One of the grammar issues I see writers struggle with most is when to use “that” or “which.” Here is the big question you have to ask of the sentence to determine which one to use: does that clause have to be there for the sentence to make sense in context?
If so, it’s a restrictive clause and you need a “that.”
If not, use “which.”
And yes, I hear you asking “what the hell is a restrictive clause, Sarah? Are we going full grammar class mode here?” (Oh, we sure are.) Restrictive clauses are acting as adjectives to describe something about the noun that precedes it. It’s showing specificity – it’s that particular noun that the clause is modifying and without it, we wouldn’t be able to identify what specific thing it was.
Let’s see an example of a restrictive clause:
He honked at the car that entered the intersection.
He honked at the car which entered the intersection.
Here we need a restrictive clause because we’re speaking about the specific car, the one entering the intersection. If we didn’t have this clause pointing to the noun, we wouldn’t have enough context to identify which car on the road the sentence means.
Another example with a non-restrictive clause:
In this novel, which follows the story of a young woman, the author develops her signature style.
In this novel, that follows the story of a young woman, the author develops her signature style.
The commas are a good clue here that we need to use “which” (and yes, more often than not, you’ll usually need a comma before the “which”), but more to the point, the clause “which follows the story of a young woman” is non-restrictive and is not essential to the sentence. Presumably, we already know in context which novel is being discussed (the “this” is pointing to something that would have come in a previous sentence), so all the clause is doing is adding a bit of extra detail. The sentence would work just fine without it: “In this novel, the author develops her signature style.”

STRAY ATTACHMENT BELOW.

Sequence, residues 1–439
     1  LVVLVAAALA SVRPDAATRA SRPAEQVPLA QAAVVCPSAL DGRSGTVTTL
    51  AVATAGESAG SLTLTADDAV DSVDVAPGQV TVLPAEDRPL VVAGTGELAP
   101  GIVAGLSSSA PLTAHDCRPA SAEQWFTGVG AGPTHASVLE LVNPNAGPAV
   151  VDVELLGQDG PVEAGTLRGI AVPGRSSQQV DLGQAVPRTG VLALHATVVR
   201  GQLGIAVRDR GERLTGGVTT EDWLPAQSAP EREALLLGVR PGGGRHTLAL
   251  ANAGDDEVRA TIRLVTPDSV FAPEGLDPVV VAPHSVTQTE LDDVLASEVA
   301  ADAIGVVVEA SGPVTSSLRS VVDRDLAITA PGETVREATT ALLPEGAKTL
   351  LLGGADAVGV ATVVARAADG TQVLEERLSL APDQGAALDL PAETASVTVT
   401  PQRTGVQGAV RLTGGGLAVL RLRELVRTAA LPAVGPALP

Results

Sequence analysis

So context is really important to determine when to use “that” or “which.” What must your reader know?
She put on shoes that gave her four inches of extra height.
She put on shoes, which gave her four inches of extra height.
Is it important that she put on shoes that made her taller, or is it important that she put on shoes, period? That’s the difference between these two sentences, either of which could be correct, depending on what you need to get across.
I hope this will help eradicate the “that”/”which” problem in your own writing!